Bohm, Bell, Weisskopf, Costa de Beauregard, J.P. Vigier, Aspect, d’Espagnat

Victor Weisskopf-2John S. BellDavid Bohm

Looking Back: An Open Letter

by Bruce Camber, End-of-the-week wrap up  Prior homepage: Our Universe, An On-going Construction Project

24 March 2019 / Revised and resent: 3 August 2019

Adam Becker, Author, “What Is Real?” by Basic Books, March 2018
Author and Astrophysicist
RE: Nov. 15, 2018 Lecture, Harvard,  “The Trouble With Quantum Physics And Why It Matters

Dear Adam,

I just listened to your presentation, the November 2018 lecture at Harvard about your book and quantum physics. Harvard’s Jacob Barandes was there for the Q&A.

In 1971 I was a regular at the Boston Colloquium for Philosophy of Science (Cohen, Wartofsky, Shimony) and got caught by a lecture about the EPR paradox and John Bell’s work. In 1977, Viki Weisskopf (MIT) helped clear the way for me to visit with Bell at CERN and for a return a few years later. I was also able to visit with David Bohm at Birkbeck College in London where with eight other graduate students we spent the better part of a day exploring points, lines, triangles and the tetrahedron. When I finally learned about Bohm’s death in 1992, I took down his book, Fragmentation and Wholeness, autographed and given to me in 1977. During what would be an honorary read, I declared out loud, “David Bohm! You never asked us what was most-simply inside the tetrahedron!” I quickly figured it out on my own.

In 1971, I was also part of the Philomorphs with Arthur Loeb at Harvard.

Forty years later, helping my nephew with his high school geometry classes, we chased that tetrahedron, going within, by dividing the edges in half, connecting those new vertices, to discover the four half-sized tetrahedrons in each corner and the octahedron in the middle. Doing the same with the octahedron, we found the half-sized octas in each of the six corners and the eight tetrahedrons, one in each face, all sharing a common centerpoint. Elegant.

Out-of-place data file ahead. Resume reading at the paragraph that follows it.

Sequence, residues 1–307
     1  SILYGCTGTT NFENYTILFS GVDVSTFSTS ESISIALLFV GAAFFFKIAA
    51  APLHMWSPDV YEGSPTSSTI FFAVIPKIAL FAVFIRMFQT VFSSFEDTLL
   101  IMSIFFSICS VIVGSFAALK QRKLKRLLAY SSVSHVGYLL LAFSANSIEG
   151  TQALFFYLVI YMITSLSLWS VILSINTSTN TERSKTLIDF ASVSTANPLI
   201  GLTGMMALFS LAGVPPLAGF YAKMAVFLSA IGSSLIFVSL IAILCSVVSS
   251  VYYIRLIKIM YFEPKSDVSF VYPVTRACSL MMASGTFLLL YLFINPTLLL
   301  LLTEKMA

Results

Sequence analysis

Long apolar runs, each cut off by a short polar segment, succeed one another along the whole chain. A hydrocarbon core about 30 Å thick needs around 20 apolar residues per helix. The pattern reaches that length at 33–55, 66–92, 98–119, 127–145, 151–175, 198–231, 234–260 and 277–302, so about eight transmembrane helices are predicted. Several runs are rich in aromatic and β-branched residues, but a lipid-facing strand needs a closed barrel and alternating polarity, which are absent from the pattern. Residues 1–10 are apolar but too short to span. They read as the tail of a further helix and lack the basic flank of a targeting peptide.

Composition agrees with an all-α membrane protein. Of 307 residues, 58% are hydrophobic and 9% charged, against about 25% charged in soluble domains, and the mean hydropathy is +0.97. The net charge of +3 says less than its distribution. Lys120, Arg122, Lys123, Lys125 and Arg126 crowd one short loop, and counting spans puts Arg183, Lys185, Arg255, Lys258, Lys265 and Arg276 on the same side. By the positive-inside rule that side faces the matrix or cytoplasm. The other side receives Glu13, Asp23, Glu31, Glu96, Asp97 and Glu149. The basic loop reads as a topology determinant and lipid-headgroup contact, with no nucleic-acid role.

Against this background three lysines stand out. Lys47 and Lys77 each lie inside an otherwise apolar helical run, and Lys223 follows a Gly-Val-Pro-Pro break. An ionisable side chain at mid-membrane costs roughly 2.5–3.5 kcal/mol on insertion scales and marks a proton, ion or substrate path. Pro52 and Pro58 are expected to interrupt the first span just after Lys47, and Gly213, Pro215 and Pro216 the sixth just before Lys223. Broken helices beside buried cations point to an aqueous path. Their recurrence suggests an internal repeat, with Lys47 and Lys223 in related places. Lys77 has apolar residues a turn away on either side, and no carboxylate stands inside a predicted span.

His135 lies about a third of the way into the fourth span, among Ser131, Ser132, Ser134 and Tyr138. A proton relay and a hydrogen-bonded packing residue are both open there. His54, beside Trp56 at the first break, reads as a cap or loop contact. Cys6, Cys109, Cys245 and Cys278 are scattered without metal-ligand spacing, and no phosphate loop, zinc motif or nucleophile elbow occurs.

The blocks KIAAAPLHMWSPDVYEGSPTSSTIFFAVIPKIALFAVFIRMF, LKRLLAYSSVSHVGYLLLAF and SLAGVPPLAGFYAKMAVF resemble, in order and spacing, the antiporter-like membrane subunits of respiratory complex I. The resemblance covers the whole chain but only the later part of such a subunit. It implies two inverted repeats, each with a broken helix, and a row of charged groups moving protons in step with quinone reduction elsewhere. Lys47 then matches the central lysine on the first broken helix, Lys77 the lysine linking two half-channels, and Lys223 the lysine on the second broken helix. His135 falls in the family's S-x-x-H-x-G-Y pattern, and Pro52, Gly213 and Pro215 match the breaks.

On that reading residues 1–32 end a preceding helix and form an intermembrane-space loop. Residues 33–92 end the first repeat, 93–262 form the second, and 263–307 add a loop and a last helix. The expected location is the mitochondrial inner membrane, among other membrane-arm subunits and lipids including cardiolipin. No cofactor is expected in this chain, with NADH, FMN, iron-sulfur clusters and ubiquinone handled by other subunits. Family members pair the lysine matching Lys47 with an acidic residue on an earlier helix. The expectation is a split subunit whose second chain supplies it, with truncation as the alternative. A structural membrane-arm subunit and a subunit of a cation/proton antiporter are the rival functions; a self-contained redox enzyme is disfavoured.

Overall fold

Getting in the spirit of Zeno and people like Gian-Carlo Rota (Combinatorics, MIT), we chased the exponentially greater number of internal objects, back deeper and smaller within. In 45 steps, we were in the domain of particle physics. In another 67 steps within we were in the domain of the Planck scale. In 112 steps from the classroom, and we finally met Max Planck.

We multiplied by 2. In just 90 steps we were out at the edge of the universe and the age of the universe. With just 202 steps or base-2 notations or doublings, we had encapsulated the universe.  You can imagine the joy of those high school students.

Such a finding it was but we had nowhere to go with it.

We shared our chart as a rather fun STEM tool but the first 64 notations were unsettling. We had numbers but nothing to match up with them, except perhaps such illusive things as strings, preons, gravitons, instantons, and dark matter and dark energy.

How stupid. How silly.

What would you do with these numbers? Shall we speculate that planckspheres manifest at the Planck scale, and have been filling the universe for the past 13.82 billion years, thus the expansion and, and, and….?

You know so much; you are playful. What do you do with such simple logic, simple math, but entirely idiosyncratic results. Shall we just flush it down and out of our systems? Thanks.

Most sincerely,


PS. My last efforts within this arena was in 1980 in Paris where on one day at the Institut Henri Poincare, I studied with Costa de Beauregard and then the next day with J.P. Vigier. One day Vigier took me down to d’Orsay to meet Alain Aspect. Bernard d’Espagnat also joined us.  Beyond just dropping  the names of extraordinary scholars, at no time was the simple little sphere a point of any discussion. Isn’t that our collective problem?